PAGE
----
In the next step, I determined whether the level of mentalization depended on the interaction of stimulus type and the dominant configuration of personality dimensions – relatedness versus self-definition. I divided the total sample into two subgroups, with the absolute difference between scores on the Autonomy and Sociotropy scales as the criterion of division. Thus, 25 participants were classified in the group with a predominance of sociotropy, and 24 participants in the group with a predominance of autonomy. The level of sociotropy in the first group was M = 91.24 (SD = 8.75), and the level of autonomy was M = 70.48 (SD = 11.27), while in the second group the sociotropy level was M = 66.75 (SD = 8.03) and the autonomy level was M = 81.38 (SD = 6.90); the two groups differed significantly from each other in the levels of sociotropy (z = –5.81, p < .001) and autonomy (z = –3.52, p < .001).


Due to the lack of normal distribution of variables, in order to assess the dependence of mentalization fluctuations on the interaction of study condition (stimulus type) and group, I performed a number of intragroup comparisons (comparison of mentalization level in conditions 1 and 2 in both groups separately) using the Wilcoxon test and intergroup comparisons using the Mann-Whitney test. In this case the results of intragroup comparisons revealed no dynamics of self-reflective and mastery, either, but the study showed significant differences in the level of interpersonal mentalization depending on stimulus type in the group with a predominance of sociotropy (Table 1). The levels of both components of interpersonal mentalization – monitoring other people’s mental states and decentration – were found to be significantly lower in this group in the context of imagining the object’s unresponsiveness than in the first study condition (imagining the object’s responsiveness). Such differences were not found in the second group, where the configuration with a predominance of autonomy was prevalent.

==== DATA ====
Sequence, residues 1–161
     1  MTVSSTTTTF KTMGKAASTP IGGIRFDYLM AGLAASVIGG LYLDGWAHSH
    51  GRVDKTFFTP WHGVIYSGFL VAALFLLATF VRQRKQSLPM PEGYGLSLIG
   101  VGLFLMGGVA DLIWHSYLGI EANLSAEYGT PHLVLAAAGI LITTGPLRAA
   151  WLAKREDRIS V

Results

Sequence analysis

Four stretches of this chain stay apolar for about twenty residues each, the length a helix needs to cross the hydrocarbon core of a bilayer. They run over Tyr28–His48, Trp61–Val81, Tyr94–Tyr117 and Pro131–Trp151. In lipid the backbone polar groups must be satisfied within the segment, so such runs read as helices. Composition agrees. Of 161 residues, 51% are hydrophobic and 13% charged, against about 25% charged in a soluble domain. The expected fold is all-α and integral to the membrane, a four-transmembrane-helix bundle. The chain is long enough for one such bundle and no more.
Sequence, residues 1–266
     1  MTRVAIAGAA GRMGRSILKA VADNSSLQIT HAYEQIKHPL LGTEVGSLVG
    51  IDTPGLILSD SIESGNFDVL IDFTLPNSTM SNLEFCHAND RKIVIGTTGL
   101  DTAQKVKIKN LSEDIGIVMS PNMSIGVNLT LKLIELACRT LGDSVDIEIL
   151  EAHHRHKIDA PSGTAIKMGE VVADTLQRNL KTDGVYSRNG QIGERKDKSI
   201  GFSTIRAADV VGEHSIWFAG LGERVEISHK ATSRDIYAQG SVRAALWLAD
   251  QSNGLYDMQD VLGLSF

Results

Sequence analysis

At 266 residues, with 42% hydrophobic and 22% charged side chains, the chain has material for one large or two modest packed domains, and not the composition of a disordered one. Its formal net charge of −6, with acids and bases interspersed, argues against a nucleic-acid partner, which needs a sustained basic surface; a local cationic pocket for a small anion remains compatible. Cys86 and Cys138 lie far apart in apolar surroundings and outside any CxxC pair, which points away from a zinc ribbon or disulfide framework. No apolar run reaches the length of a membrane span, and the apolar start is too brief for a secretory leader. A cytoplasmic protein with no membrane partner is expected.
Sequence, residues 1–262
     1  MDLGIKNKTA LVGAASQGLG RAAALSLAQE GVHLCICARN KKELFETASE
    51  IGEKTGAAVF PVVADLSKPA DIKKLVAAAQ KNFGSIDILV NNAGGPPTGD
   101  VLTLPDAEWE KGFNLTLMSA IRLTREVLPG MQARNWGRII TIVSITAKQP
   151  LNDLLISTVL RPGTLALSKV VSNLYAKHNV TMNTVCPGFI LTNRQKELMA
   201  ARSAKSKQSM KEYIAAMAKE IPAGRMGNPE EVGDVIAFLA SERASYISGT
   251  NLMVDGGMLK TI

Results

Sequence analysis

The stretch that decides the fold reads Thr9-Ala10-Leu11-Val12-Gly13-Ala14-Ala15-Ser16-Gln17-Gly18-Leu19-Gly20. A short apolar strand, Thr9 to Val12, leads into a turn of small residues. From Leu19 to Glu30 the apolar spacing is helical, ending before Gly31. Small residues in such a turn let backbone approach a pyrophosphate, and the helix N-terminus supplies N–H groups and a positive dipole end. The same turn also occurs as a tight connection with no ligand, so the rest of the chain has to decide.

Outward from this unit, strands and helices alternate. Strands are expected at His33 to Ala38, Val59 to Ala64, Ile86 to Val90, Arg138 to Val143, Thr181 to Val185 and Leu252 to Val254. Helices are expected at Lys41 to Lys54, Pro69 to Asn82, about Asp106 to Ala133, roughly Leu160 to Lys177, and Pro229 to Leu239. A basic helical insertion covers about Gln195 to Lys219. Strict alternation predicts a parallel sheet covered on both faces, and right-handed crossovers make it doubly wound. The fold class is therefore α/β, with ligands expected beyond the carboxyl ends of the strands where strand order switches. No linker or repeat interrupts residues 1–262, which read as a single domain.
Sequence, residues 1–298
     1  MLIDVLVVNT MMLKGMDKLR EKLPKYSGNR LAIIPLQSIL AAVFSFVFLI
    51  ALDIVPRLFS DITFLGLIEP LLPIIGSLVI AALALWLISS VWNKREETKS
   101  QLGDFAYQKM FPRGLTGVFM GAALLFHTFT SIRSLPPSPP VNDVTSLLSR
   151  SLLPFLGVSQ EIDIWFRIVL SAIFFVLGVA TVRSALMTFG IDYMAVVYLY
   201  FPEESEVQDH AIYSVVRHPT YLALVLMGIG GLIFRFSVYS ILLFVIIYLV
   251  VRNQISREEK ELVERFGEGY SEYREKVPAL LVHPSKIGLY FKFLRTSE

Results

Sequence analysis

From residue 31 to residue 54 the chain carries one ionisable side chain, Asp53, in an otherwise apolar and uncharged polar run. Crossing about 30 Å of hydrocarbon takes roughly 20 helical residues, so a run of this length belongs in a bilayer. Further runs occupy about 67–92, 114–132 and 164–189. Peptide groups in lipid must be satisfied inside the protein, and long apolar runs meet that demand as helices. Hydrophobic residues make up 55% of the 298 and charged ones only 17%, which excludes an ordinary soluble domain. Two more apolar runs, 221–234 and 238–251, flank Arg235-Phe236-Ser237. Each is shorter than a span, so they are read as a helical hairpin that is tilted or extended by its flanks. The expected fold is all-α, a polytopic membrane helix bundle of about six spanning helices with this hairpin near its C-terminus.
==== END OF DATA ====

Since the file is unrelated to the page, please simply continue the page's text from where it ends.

Further, as a result of intergroup comparisons (comparison of the level of mentalization in both groups first in Condition 1 and then in Condition 2), the in­vestigators found that in Condition 1 (object responsiveness) scores on monitoring other people’s internal states were significantly higher in the case of participants from the group with a predominance of sociotropy than in the group with a predominance of autonomy (z = –2.75, p = .006), while in Condition 2 (object unresponsiveness) this difference was not significant (z = –1.70, p = .088). A similar situation occurred in the case of decentration – in Condition 1 (object responsiveness), decentration was significantly higher in the group with a predominance of sociotropy compared to the group with a predominance of autonomy (z = –2.70, p = .007), and this difference disappeared in the second study condition (z = –0.53, p = .590).The figures below illustrate the relationships discussed for monitoring other people’s mental states (Figure 2) and decentration (Figure 3).